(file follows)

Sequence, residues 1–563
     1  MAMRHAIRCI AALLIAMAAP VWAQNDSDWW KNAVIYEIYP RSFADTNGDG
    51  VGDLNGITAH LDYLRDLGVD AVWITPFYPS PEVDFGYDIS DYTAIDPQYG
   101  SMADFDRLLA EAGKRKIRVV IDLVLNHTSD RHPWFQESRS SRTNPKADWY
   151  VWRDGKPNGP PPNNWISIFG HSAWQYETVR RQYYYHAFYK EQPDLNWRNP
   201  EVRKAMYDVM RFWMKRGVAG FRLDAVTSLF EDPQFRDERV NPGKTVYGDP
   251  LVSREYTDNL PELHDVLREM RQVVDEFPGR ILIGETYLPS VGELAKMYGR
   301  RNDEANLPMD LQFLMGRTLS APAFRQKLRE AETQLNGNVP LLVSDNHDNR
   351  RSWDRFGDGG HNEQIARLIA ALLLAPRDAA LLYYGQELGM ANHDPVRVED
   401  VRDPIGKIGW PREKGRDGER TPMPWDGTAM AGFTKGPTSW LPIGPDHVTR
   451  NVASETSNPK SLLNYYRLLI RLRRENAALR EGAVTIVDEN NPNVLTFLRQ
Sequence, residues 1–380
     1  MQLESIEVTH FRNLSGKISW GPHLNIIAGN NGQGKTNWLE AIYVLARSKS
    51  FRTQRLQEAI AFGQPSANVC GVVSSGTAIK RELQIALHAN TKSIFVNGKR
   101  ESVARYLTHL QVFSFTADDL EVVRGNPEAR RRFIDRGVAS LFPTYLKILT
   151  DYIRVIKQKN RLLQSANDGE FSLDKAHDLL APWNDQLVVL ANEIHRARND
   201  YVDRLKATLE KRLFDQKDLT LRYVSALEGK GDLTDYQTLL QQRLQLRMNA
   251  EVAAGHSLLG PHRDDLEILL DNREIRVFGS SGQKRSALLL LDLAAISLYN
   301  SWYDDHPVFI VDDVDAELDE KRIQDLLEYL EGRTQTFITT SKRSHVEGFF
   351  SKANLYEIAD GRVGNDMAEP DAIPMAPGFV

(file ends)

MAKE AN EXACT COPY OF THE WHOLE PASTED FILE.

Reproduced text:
Sequence, residues 1–563
     1  MAMRHAIRCI AALLIAMAAP VWAQNDSDWW KNAVIYEIYP RSFADTNGDG
    51  VGDLNGITAH LDYLRDLGVD AVWITPFYPS PEVDFGYDIS DYTAIDPQYG
   101  SMADFDRLLA EAGKRKIRVV IDLVLNHTSD RHPWFQESRS SRTNPKADWY
   151  VWRDGKPNGP PPNNWISIFG HSAWQYETVR RQYYYHAFYK EQPDLNWRNP
   201  EVRKAMYDVM RFWMKRGVAG FRLDAVTSLF EDPQFRDERV NPGKTVYGDP
   251  LVSREYTDNL PELHDVLREM RQVVDEFPGR ILIGETYLPS VGELAKMYGR
   301  RNDEANLPMD LQFLMGRTLS APAFRQKLRE AETQLNGNVP LLVSDNHDNR
   351  RSWDRFGDGG HNEQIARLIA ALLLAPRDAA LLYYGQELGM ANHDPVRVED
   401  VRDPIGKIGW PREKGRDGER TPMPWDGTAM AGFTKGPTSW LPIGPDHVTR
   451  NVASETSNPK SLLNYYRLLI RLRRENAALR EGAVTIVDEN NPNVLTFLRQ
Sequence, residues 1–380
     1  MQLESIEVTH FRNLSGKISW GPHLNIIAGN NGQGKTNWLE AIYVLARSKS
    51  FRTQRLQEAI AFGQPSANVC GVVSSGTAIK RELQIALHAN TKSIFVNGKR
   101  ESVARYLTHL QVFSFTADDL EVVRGNPEAR RRFIDRGVAS LFPTYLKILT
   151  DYIRVIKQKN RLLQSANDGE FSLDKAHDLL APWNDQLVVL ANEIHRARND
   201  YVDRLKATLE KRLFDQKDLT LRYVSALEGK GDLTDYQTLL QQRLQLRMNA
   251  EVAAGHSLLG PHRDDLEILL DNREIRVFGS SGQKRSALLL LDLAAISLYN
   301  SWYDDHPVFI VDDVDAELDE KRIQDLLEYL EGRTQTFITT SKRSHVEGFF
   351  SKANLYEIAD GRVGNDMAEP DAIPMAPGFV